International Business - Expatriate Selection

It an earlier article I noted that American companies continue to think of themselves as American, not multinational, thus assignments overseas are not viewed in a strategic totality, but rather as a nuisance that must be dealt with from time to time. So, when a requirement surfaces for a manager in China, Africa or elsewhere, there normally ensues a mad scramble to find someone willing to take the position. Overlooked is whether that person and his/her family are actually suited for the position and the required life style. The result can be an expensive disaster for both the company and the family involved.

Successful expatriates are born not made. Individuals assigned overseas must bring to the job the innate ability to live and work in a different culture and the personal characteristics necessary to adjust to a variety of business styles and ethics. Only a sharply focused selection program designed to identify the proper attributes can determine who has the "right stuff." American firms spend millions each year determining which employees should be in management or sales, why should expatriate service receive less attention?

The current practice of a 2 3 year assignment overseas as part of what is otherwise considered a stateside career will no longer suffice. Once individuals (and their families) have been identified as international material, their careers should be channeled in that direction.

Indeed, in the absence of such a career path, a position overseas can be a career breaker. Once out of company view, employees overseas can be divorced from their support systems and mentors. Often a return after a three to five year assignment can be as daunting as going abroad in the first place. Without a solid career path in place, there may be no "next" assignment.

This paper proposes that a company with international operations create career paths and succession planning for employees suited to international work in the same way they are developed for employees in other disciplines.

The first step in this process is a skills inventory. Given current computerization, there is no reason for a company not to have a complete history on each employee. And while this will not and cannot provide a complete picture of each employee, it would allow management to identify those employees who have experienced relocation, who have traveled extensively, who have multiple skills and perhaps some language capability. From this initial screening, further evaluations can be made.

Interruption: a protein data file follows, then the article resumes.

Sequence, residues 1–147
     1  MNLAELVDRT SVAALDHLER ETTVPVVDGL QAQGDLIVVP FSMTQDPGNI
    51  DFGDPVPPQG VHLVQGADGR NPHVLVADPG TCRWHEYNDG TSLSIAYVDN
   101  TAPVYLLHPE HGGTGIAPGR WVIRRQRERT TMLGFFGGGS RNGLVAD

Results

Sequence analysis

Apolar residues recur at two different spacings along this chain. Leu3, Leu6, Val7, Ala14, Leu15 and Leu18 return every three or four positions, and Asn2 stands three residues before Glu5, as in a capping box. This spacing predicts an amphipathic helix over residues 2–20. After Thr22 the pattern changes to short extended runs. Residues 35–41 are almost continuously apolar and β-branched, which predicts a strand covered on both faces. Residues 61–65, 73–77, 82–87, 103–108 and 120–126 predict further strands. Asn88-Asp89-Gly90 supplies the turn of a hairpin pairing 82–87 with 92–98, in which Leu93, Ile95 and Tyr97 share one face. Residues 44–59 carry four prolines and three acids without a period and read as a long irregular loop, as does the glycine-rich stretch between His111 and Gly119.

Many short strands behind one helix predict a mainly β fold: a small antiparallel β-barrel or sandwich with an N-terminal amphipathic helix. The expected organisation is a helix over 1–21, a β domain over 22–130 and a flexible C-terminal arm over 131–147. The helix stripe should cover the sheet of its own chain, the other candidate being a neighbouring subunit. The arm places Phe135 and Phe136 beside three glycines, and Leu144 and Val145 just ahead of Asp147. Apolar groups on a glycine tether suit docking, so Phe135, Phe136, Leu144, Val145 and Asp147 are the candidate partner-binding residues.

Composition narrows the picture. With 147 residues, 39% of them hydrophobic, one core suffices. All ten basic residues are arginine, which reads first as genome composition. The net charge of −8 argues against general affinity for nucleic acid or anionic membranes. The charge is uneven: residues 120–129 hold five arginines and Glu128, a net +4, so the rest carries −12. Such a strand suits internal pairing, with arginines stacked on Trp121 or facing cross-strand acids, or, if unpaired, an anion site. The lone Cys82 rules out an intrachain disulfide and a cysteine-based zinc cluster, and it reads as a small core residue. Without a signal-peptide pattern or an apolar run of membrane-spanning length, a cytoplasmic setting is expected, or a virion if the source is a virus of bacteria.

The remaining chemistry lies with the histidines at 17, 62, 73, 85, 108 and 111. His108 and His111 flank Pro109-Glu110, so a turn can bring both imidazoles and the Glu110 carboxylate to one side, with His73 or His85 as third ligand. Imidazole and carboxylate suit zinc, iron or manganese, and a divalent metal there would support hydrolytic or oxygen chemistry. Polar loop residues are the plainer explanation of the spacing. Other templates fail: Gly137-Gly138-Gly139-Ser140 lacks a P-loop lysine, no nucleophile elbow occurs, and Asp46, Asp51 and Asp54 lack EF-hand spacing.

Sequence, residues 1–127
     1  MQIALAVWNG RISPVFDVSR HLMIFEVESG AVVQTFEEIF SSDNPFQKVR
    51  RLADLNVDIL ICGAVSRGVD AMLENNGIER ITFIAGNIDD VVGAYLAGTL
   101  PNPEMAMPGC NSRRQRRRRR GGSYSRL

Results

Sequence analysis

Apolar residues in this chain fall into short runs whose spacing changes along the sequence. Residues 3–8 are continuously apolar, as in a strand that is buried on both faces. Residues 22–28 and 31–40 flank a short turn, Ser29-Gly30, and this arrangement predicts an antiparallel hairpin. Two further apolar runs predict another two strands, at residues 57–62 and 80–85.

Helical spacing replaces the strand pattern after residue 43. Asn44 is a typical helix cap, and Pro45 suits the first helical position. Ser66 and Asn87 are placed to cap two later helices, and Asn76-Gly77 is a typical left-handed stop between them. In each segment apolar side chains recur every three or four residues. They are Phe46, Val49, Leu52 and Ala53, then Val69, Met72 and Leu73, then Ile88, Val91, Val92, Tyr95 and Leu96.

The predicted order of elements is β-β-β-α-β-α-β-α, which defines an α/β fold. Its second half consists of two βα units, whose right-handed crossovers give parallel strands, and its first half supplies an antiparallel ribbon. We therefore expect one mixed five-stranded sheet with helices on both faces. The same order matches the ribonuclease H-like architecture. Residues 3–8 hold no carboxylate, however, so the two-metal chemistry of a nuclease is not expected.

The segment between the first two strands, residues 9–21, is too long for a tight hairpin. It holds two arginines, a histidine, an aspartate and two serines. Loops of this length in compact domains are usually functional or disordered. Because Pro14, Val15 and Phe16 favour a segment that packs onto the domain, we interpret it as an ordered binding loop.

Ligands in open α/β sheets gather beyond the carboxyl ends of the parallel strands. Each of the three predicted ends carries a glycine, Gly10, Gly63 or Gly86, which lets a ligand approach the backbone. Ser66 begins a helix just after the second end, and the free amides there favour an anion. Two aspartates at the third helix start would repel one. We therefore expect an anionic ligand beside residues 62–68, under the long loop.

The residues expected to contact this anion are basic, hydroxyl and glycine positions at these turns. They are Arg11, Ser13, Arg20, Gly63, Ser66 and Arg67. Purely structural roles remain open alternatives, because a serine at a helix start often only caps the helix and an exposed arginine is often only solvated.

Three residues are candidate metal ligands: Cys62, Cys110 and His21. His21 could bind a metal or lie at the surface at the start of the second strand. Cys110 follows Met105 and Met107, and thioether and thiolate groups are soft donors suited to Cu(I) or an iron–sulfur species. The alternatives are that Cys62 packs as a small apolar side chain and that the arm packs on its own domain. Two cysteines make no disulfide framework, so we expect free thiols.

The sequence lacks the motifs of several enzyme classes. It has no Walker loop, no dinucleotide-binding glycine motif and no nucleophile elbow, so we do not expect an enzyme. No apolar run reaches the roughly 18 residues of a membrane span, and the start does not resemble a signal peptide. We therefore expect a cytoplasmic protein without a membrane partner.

Once identified, employees and their families should undergo a rigorous screening process to determine their suitability for an international assignment. This would include, in addition to their normal management capabilities, high inner work standards, a focus on results, a desire to understand and a willingness to accept and appreciate other cultures, a willingness to try new things, independence (the family can operate as a unit without large or multiple support systems), no overriding family or personal problems and most importantly - want to be there.

After qualifying for an international position, the employee should be assigned to a stateside position that coordinates international operations until such time as an overseas assignment becomes available. Of equal importance is a through grounding in corporate operations and culture.

A little understood or appreciated facet of overseas work is the role that personal relationships play in success. They are the glue that holds international operations together, particularly in the Far East. Developing and nurturing them takes time and energy. Therefore, 5 10 year assignments need to be viewed as the norm.

Establishing career paths that integrate international operations as part of a strategic whole diminishes repatriation disasters and permits the company to take a more sane approach to expatriate staffing. More importantly, when not on overseas assignment, these employees can bring much a needed global perspective to company programs and plans. Qualified and successful international employees are an expensive and important resource that should be nurtured and utilized fully.

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